Julius Genachowski in Forbes: “What’s going on here? In cities and states across the country, two forces are engaged in battles with major consequences for the future of the Internet and the U.S. innovation economy.
The first force is new ventures harnessing technology—particularly the Internet and mobile—to challenge incumbents in a growing number of industries: From hotels (Airbnb) to rental cars (ZipCar, RelayRides, Car2Go) to taxis (SideCar, Lyft, Uber) to car dealerships (Tesla) to parking lots (Parking Panda) to textbooks (Chegg) to lending and fundraising (Lending Club, Kickstarter) to restaurants (food trucks) to boating (Boatband, GetMyBoat) to errand running services (TaskRabbit) to Internet service (Chattanooga, TN; Lafayette, LA; Google Fiber).
Many of these ventures are part of the new “sharing economy.” ….
The second force in these battles is city and state governments, which typically have long and deep relationships with established industries. Not surprisingly, and acting rationally from their perspective, existing businesses have been lobbying state and local officials to restrict new entrants.
And across the country, new laws are being proposed and enacted—and existing but out-of-date laws are being enforced—to protect incumbents from new Internet- and mobile-based competitors….
There are lessons here for the current battles in city halls and state houses. We suggest four simple principles for every state and local official considering regulatory decisions affecting the sharing economy and other disruptive Internet- and mobile-based businesses:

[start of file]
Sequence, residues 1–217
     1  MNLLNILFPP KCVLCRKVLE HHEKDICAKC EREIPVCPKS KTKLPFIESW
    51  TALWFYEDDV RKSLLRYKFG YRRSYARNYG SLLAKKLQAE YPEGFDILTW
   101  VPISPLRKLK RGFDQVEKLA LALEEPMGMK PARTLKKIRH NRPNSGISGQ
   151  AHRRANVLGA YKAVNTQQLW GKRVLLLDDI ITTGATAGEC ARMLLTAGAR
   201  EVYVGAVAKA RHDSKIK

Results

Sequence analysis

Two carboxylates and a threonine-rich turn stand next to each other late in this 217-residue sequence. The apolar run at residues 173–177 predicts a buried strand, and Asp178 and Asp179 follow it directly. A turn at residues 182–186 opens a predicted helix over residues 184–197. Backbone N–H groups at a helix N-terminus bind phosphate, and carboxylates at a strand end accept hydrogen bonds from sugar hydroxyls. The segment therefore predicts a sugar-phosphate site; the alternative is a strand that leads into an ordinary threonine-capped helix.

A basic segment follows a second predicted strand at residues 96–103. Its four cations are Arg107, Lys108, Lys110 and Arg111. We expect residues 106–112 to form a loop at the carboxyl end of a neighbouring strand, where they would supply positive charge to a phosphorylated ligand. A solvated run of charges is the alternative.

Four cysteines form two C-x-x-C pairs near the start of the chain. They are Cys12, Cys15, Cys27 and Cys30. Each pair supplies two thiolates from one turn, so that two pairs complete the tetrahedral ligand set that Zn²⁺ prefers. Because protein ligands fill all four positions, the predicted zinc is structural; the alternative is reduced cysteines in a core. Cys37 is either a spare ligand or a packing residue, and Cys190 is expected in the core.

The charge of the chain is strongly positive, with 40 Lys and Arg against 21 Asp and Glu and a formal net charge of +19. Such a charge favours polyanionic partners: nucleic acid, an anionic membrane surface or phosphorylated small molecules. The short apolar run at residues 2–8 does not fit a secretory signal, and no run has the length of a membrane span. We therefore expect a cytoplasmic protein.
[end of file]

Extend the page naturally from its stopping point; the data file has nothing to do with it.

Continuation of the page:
- Stand with innovation. The benefits of innovation can be hard to appreciate fully early on, but we know from our history that innovation drives consumer benefits and economic growth. Give innovative new services the benefit of the doubt. And where there are issues to address, take a tailored, technology-neutral approach.
- Focus on consumers. Consider the full range of benefits new services provide consumers. Most innovators and their investors are putting up their time and money because they see a gap in the market—ways in which consumers are not fully served by existing businesses. The results of a fair-minded consumer-focused analysis might be different than some first instincts. For example, Airbnb and Uber provide insurance to protect consumers; grey-market home stays and unlicensed livery cabs may not. Weigh the benefits of moving grey-market activities out of the shadows.
- Keep an open mind. Spend the time to understand new businesses and new technologies, including by speaking with new service providers and their users. Don’t just rely on opponents’ characterizations.
- Use the service. Before deciding to regulate an innovative service, public officials should use the service. Because they’re new, innovative services can be hard to fully appreciate without experiencing them—and using them will provide hands-on insights on their benefits as well as tailored ways to address any issues. At the FCC we launched a Technology Experience Center so that agency staff could use cutting-edge communications devices and services potentially affected by agency rules.
- Innovation is a core competitive advantage for the U.S. and a primary driver of economic growth and job creation across the country. In today’s fast-moving global economy, capital and talent can flow anywhere. Pro-innovation policies are critical to growing jobs and investment in U.S. cities.”